ABSTRACT: In this chapter we describe visual content analysis of journalistic images. In order to answer more complex questions than commonly addressed with visual content analysis, we have developed a coding strategy addressing specific phases of Knieper's (2003) scheme for the process of image communication.
We will first provide a brief overview of quantitative content analysis, its strengths, issues, and limitations. We then describe how Knieper's (2003) scheme of the process of image communication can help to focus visual content analysis appropriately.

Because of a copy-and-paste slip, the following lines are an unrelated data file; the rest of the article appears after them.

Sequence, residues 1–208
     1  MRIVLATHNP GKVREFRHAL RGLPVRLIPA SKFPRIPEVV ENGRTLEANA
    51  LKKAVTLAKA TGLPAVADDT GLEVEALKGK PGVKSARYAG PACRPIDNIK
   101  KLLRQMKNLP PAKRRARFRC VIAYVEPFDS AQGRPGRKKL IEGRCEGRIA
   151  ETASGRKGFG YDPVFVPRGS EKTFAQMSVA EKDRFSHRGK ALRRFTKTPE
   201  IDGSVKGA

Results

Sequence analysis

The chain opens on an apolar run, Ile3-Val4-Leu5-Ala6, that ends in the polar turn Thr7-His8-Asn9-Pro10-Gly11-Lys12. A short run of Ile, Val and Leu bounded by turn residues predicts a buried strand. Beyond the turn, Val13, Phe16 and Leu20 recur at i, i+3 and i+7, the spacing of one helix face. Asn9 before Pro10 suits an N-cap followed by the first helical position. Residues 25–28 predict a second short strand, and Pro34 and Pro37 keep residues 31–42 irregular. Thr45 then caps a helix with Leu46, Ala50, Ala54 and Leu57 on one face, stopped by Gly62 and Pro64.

ABSTRACT: This chapter discusses media content analysis, a method that applies quantitative and qualitative procedures to make inferences from text. Its main advantages are that it is unobtrusive, and that there is a plethora of media content available and accessible for research. The main challenge of the method is to develop a research design that promises valid inferences from text (meaning that ‘it captures what it sets out to capture’). Ignoring or not addressing such issues is the main reason for ethical concern. This chapter is based on the assumption that aside from more common methods like document analysis and interviews, media content analysis is also a valuable option for the study of media and communication policy. On the one hand, the method can grasp the public discourse about issues of media and communication policy. On the other hand, the data gathered by using this method offers much-needed evidence for policy-making. This chapter provides an overview on the steps of preparing and conducting a media content analysis, from the research design and sampling, to the process of coding, and the analysis of data. Two studies that employed media content analysis to investigate a topic relevant for media and communication policy are used as illustration.